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Factors influencing job satisfaction among Swedish occupational therapists in psychiatric care

Eklund, Mona LU and Rahm Hallberg, Ingalill LU (2000) In Scandinavian Journal of Caring Sciences 14(3). p.162-171
Abstract
This study examined job satisfaction among occupational therapists in Swedish psychiatric care, and investigated how clinical supervision, organizational aspects and demographic characteristics contributed to job satisfaction. We received 332 returned questionnaires, corresponding to a response rate of 66.9%. Job satisfaction factors that emerged were: general satisfaction with work, communication and co-operation among team members, managerial feedback, the patients' influence on care and the relatives' influence on care. The respondents rated their general satisfaction, co-operation and communication as high. They were least satisfied with the relatives' influence on care. We found few relationships between other factors and job... (More)
This study examined job satisfaction among occupational therapists in Swedish psychiatric care, and investigated how clinical supervision, organizational aspects and demographic characteristics contributed to job satisfaction. We received 332 returned questionnaires, corresponding to a response rate of 66.9%. Job satisfaction factors that emerged were: general satisfaction with work, communication and co-operation among team members, managerial feedback, the patients' influence on care and the relatives' influence on care. The respondents rated their general satisfaction, co-operation and communication as high. They were least satisfied with the relatives' influence on care. We found few relationships between other factors and job satisfaction, but, for example, satisfaction with the patients' influence on care was higher among occupational therapists working in outpatient care than among those working in hospital wards. Furthermore, having supervision was positively associated with co-operation and communication. This study revealed a fairly satisfactory situation, possibly thanks to social support, advantageous care-planning strategies and supervision. However, managerial staff must be aware that measures need to be taken continuously to counteract detrimental forces. The study pointed to a need for further research that relates occupational therapists' job satisfaction with issues such as support, control and individual need for growth. (Less)
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author
organization
publishing date
type
Contribution to journal
publication status
published
subject
in
Scandinavian Journal of Caring Sciences
volume
14
issue
3
pages
162 - 171
publisher
Wiley-Blackwell
external identifiers
  • pmid:12035267
  • scopus:0033784163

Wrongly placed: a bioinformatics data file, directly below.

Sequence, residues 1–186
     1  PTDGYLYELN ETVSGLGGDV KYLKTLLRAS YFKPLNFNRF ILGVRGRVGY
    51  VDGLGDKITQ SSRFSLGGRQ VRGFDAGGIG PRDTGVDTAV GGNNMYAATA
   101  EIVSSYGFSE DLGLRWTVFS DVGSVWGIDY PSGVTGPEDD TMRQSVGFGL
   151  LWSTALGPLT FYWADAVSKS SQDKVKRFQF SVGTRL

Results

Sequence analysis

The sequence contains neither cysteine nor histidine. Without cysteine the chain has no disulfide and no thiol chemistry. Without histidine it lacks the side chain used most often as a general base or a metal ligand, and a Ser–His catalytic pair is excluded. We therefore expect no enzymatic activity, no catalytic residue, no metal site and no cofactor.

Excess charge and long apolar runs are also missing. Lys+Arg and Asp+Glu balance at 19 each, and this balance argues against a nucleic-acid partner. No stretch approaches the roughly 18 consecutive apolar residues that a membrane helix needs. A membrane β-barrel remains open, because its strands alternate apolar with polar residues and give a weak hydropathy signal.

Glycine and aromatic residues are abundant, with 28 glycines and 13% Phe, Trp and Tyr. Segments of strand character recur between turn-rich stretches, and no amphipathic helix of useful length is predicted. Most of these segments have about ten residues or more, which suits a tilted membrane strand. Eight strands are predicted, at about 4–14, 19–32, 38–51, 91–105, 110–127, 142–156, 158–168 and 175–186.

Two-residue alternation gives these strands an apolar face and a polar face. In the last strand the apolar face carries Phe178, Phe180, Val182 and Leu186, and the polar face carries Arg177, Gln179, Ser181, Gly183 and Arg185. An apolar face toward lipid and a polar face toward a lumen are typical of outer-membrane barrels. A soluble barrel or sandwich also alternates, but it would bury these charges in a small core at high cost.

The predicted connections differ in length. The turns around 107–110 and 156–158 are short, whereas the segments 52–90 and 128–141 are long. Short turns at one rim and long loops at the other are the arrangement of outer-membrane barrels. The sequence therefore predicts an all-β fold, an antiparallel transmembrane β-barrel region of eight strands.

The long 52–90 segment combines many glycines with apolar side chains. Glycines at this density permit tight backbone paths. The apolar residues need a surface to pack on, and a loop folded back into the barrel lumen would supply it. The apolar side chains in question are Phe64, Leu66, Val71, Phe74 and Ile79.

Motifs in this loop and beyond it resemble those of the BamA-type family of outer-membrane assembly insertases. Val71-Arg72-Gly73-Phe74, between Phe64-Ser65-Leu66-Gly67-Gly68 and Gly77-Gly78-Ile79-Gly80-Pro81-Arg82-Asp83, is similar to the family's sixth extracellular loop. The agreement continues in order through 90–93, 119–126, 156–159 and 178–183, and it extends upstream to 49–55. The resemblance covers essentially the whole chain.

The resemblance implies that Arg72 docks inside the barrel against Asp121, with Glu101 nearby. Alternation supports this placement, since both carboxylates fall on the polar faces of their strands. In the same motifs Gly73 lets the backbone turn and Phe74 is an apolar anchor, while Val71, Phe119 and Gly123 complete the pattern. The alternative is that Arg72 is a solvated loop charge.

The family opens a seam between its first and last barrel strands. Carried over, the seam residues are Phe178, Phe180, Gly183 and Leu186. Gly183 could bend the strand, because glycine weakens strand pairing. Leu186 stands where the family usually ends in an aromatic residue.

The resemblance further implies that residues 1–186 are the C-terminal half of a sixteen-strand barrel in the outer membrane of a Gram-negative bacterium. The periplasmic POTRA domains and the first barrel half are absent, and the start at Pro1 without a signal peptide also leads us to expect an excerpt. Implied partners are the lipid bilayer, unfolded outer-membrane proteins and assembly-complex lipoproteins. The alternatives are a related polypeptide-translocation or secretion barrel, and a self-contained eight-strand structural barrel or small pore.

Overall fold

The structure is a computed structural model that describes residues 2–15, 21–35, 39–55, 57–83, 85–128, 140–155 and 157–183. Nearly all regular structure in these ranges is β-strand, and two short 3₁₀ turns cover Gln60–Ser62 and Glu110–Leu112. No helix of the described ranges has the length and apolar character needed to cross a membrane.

ISSN
1471-6712
language
English
LU publication?
yes
id
79a89c71-3395-4422-90bc-fc361d095605 (old id 1116937)
date added to LUP
2008-07-02 13:39:41
date last changed
2017-08-27 05:34:23
@article{79a89c71-3395-4422-90bc-fc361d095605,
  abstract     = {This study examined job satisfaction among occupational therapists in Swedish psychiatric care, and investigated how clinical supervision, organizational aspects and demographic characteristics contributed to job satisfaction. We received 332 returned questionnaires, corresponding to a response rate of 66.9%. Job satisfaction factors that emerged were: general satisfaction with work, communication and co-operation among team members, managerial feedback, the patients' influence on care and the relatives' influence on care. The respondents rated their general satisfaction, co-operation and communication as high. They were least satisfied with the relatives' influence on care. We found few relationships between other factors and job satisfaction, but, for example, satisfaction with the patients' influence on care was higher among occupational therapists working in outpatient care than among those working in hospital wards. Furthermore, having supervision was positively associated with co-operation and communication. This study revealed a fairly satisfactory situation, possibly thanks to social support, advantageous care-planning strategies and supervision. However, managerial staff must be aware that measures need to be taken continuously to counteract detrimental forces. The study pointed to a need for further research that relates occupational therapists' job satisfaction with issues such as support, control and individual need for growth.},
  author       = {Eklund, Mona and Rahm Hallberg, Ingalill},
  issn         = {1471-6712},
  language     = {eng},
  number       = {3},
  pages        = {162--171},
  publisher    = {Wiley-Blackwell},
  series       = {Scandinavian Journal of Caring Sciences},
  title        = {Factors influencing job satisfaction among Swedish occupational therapists in psychiatric care},
  volume       = {14},
  year         = {2000},
}